Tone Bender History

The UK fuzz box phenomenon began in 1965 when electronics engineer Gary Stewart Hurst was approached by James Bond theme guitarist Vic Flick to modify his existing Maestro FZ-1 Fuzz-Tone pedal in order to give the unit more sustain. Gary Hurst’s modifications of the FZ-1 led him to design his own circuit, the ‘Tone Bender’. Originally housed in wooden boxes made by Gary’s brother. these units were distributed to artists across London, including Yardbirds guitarist Jeff Beck, and Featured a circuit that consisted of one OC75 and two 2G381 transistors. Original examples of the wooden case models are very rare to find with only a small handful of examples being produced. As well as top and rear jack sockets The Wooden Case models feature level and bias control which enables the user to tune in their perfect fuzz tone.

Tone Bender Launches
During 1965 Gary re-housed the Tone Bender circuit into a metal casing, making the pedal much more durable for stage use. The early models featured hand-applied lettering that was simply covered with nail varnish to protect its fragility. This along with a flat gold finish gave it a distinct look. This version is commonly known as the MK1 Tone Bender. To launch his new product, Gary approached London retailer Sola Sound, to market and distribute the pedal from their London store, Musical Exchange. The MK1 has a very distinctive sound and found its way into the hands of many famous guitarists such as Jeff Beck, Mick Ronson, and Pete Townshend. The MK1 can be heard on many classic tracks including Beck’s Bolero & Moonage Daydream from David Bowie’s Ziggy Stardust album. The Tone Bender had become part of British music history.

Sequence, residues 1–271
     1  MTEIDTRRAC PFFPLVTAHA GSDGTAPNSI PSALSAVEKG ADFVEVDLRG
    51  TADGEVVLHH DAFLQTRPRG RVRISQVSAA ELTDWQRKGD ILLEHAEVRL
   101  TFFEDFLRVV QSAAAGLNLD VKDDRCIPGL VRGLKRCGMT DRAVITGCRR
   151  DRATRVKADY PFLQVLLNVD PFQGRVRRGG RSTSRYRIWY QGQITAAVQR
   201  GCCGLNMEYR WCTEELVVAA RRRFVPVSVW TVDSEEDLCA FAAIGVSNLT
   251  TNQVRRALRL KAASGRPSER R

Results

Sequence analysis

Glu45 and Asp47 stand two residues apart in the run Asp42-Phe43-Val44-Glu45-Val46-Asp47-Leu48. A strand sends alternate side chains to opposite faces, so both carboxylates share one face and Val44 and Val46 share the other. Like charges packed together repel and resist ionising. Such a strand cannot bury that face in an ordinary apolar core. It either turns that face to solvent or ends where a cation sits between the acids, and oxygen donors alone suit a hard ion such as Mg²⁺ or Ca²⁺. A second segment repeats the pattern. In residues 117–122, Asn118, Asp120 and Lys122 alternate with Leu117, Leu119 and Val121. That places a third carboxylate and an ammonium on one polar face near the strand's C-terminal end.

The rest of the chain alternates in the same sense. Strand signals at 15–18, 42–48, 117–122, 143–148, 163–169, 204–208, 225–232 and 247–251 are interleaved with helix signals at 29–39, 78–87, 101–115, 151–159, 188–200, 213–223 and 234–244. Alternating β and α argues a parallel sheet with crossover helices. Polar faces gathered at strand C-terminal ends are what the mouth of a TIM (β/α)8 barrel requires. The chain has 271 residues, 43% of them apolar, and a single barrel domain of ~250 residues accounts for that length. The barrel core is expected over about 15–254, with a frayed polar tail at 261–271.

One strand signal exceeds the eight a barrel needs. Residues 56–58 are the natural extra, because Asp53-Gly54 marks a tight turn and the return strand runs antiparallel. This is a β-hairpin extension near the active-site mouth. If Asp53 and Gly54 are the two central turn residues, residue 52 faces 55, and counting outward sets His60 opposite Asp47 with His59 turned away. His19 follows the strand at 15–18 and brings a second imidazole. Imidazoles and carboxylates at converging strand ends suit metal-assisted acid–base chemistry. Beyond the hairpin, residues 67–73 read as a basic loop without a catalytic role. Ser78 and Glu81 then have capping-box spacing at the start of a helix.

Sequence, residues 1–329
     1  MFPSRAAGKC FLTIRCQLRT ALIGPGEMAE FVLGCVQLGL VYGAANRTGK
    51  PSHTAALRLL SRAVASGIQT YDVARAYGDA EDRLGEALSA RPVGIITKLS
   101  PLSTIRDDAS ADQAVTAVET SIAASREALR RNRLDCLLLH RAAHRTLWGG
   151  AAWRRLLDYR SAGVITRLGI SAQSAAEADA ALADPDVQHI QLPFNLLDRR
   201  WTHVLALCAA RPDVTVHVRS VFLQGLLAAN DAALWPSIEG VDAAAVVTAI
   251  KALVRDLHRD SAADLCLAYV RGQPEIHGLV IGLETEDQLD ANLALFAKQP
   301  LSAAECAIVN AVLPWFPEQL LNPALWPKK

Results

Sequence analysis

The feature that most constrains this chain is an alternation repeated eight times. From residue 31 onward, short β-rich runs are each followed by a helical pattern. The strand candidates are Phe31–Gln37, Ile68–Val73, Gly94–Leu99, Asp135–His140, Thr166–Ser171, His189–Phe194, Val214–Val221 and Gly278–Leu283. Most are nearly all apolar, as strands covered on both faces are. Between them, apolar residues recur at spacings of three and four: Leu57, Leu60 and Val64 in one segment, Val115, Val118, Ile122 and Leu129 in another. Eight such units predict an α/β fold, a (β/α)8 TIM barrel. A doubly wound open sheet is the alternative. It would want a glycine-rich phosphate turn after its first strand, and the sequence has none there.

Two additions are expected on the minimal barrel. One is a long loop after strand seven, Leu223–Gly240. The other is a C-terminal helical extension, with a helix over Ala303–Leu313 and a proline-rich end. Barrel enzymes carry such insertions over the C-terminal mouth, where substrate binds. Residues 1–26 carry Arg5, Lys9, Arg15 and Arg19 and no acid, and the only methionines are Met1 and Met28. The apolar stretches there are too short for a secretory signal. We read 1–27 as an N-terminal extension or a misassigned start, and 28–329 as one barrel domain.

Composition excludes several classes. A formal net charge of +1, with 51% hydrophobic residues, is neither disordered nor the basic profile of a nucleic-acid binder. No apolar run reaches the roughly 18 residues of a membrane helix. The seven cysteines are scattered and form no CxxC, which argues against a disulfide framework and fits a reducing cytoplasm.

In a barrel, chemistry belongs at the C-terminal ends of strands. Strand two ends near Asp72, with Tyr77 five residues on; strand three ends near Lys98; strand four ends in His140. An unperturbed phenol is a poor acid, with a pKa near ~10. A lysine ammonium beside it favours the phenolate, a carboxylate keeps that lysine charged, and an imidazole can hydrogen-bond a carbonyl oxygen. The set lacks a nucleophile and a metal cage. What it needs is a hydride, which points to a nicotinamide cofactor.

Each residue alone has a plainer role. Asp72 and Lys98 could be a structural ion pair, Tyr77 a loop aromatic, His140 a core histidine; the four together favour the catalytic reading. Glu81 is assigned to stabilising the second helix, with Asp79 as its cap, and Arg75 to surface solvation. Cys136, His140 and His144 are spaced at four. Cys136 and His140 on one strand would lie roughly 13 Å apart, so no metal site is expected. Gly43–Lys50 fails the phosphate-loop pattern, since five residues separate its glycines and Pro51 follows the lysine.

Transitional Changes

Tone BenderDuring 1966 the Tone Bender went through many changes. Gone was the original folded metal casing and a new space-age aluminium cast casing came to the forefront as the new housing. Around 1966 several other fuzz boxes appeared on the market including the Dallas Arbiter Fuzz Face.
These new effects featured a two-transistor circuit. The Tone Bender matched their performance, moving to a two OC75 circuit, giving more grit and bite to the tone. These models were only produced for a short period and are affectionately known to many, based on the transitional circuit as the MK1.5 Tone Bender. This was the pedal used by The Beatles in Abbey Road Studio while recording Rubber Soul.

Tone BenderTone Bender Developments
1967 saw Vox move their Tone Bender production to the Italian Jen factory, resulting in the release of the V828 Tone Bender. Sola Sound continued to develop the Tone Bender circuit and in 1968 launched their new three control Tone Bender featuring a new punched metal casing, circuit board and three OC75 transistors. The MK3 Tone Bender was supplied as a pedal to various manufacturers including Park, Rotosound and Vox. Led Zeppelin guitarist Jimmy Page was again eager to try the new version of the Tone Bender and can be seen in 1969 using the Rotosound version of the three-knob tone bender. The 1970s saw the MK3 Tone Bender change from the traditional Germanium transistors to more Consistent silicon units.

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Famous Tone Bender Users


Jimmy Page


Jeff Beck

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